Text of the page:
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HHE Report No. HHE-80-199-948, American Standard, Inc., Louisville, Kentucky.
Lucas AD; Horan J
Cincinnati, OH: U.S. Department of Health and Human Services, Public Health Service, Centers for Disease Control, National Institute for Occupational Safety and Health, HHE 80-199-948, 1981 Sep; :1-37
Personal and environmental air samples were analyzed for metal fumes, respirable dust and silica (7631869), carbon-monoxide (630080), and environmental temperatures were measured at American Standard, Incorporated (SIC-3479) in Louisville, Kentucky on July 14 to 16 and September 22 to 24, 1980. In addition, medical questionnaires were administered and blood lead (7439921) concentrations were analyzed. The potential threat of Legionnaires Disease was also stressed. An authorized employee representative requested the evaluation of behalf of an unspecified number of workers. Atmospheric lead concentrations ranged from 26 to 162 micrograms per cubic meter, compared with the NIOSH recommended standard of 50 micrograms per cubic meter as an eight hour time weighted average. Carbon-monoxide and silica concentrations were not found in toxic concentrations. Heat stress measurements with a wet bulb globe thermometer (WBGT) ranged from 86 degrees F to 102 degrees F WBGT. The NIOSH recommended criteria for occupational exposure to hot environments requires that certain work practices be initiated when the exposure is continuous for one hour and the time weighted average WBGT exceeds 79 degrees F for men or 76 degrees F for women. The clinical presentation of employee symptoms was not typical of Legionellosis. Eight enamelers had blood lead concentrations greater than 39 micrograms per milliliter. The 116 other employees all had blood lead concentrations below 40 micrograms per milliliter, considered the upper limit of normal. The authors conclude that the principle cause of employee symptoms was the extremely hot working environment, and that elevated atmospheric lead concentrations, contributed to increasing blood lead in some enamelers. They recommend several measures to reduce heat stress, a reduction of dust concentrations, implementation of good housekeeping, and medical monitoring of affected workers.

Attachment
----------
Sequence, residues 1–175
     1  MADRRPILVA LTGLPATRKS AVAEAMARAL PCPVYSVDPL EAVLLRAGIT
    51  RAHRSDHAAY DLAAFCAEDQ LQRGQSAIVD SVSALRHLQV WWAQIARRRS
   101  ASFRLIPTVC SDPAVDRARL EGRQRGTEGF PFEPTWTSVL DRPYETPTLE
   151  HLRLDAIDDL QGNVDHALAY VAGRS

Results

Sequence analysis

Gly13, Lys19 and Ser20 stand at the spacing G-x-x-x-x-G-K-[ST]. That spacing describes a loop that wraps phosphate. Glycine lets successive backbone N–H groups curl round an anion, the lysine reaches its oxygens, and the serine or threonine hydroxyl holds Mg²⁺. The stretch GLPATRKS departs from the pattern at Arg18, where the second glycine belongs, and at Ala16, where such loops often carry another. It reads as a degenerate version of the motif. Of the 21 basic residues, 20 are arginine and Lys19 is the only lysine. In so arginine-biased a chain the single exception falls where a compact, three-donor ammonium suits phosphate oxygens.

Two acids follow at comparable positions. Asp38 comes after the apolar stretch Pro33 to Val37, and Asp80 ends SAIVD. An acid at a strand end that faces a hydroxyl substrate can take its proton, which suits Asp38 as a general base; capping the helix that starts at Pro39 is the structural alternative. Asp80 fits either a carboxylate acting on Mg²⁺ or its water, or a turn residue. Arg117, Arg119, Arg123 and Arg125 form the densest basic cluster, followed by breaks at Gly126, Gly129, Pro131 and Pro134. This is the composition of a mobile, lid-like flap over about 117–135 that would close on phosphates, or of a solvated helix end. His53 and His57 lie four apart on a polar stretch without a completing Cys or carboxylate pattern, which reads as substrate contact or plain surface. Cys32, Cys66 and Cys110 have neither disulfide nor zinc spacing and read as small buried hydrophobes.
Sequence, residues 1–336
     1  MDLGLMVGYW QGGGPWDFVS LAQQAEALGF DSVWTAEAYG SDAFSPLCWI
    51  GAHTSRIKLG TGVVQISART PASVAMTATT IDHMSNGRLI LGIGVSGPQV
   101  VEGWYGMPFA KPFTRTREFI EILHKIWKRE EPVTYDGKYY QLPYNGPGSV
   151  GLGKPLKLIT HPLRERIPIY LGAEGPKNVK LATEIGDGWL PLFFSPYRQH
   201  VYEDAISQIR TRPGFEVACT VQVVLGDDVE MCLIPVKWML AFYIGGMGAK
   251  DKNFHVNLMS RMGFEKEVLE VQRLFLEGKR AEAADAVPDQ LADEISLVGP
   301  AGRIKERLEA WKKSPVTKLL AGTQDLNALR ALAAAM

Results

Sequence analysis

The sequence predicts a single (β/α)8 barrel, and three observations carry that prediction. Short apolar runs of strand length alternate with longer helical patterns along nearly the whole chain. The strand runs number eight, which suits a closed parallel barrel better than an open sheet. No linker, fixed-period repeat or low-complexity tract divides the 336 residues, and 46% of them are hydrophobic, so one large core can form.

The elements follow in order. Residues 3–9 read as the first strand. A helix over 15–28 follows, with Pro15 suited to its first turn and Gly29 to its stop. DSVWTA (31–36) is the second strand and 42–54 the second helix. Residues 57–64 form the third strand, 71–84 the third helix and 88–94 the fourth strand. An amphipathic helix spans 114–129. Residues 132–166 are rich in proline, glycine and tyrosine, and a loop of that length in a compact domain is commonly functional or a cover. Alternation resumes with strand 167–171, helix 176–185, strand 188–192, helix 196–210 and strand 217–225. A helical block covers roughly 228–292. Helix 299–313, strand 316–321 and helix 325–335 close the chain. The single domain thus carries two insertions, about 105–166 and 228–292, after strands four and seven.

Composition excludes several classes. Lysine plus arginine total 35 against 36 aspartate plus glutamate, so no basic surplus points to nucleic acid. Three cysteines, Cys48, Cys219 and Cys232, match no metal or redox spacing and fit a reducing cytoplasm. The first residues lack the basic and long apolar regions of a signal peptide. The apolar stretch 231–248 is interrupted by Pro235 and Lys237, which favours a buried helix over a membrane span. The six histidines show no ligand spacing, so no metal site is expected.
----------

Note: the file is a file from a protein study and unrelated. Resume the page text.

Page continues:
NIOSH-Author; HHE-80-199-948; NIOSH-Health-Hazard-Evaluation; Hazards-Confirmed; Region-4; Air-sampling; Heat-stress; Health-surveys
7631-86-9; 630-08-0; 7439-92-1
Field Studies; Health Hazard Evaluation
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National Institute for Occupational Safety and Health
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Content source: National Institute for Occupational Safety and Health Education and Information Division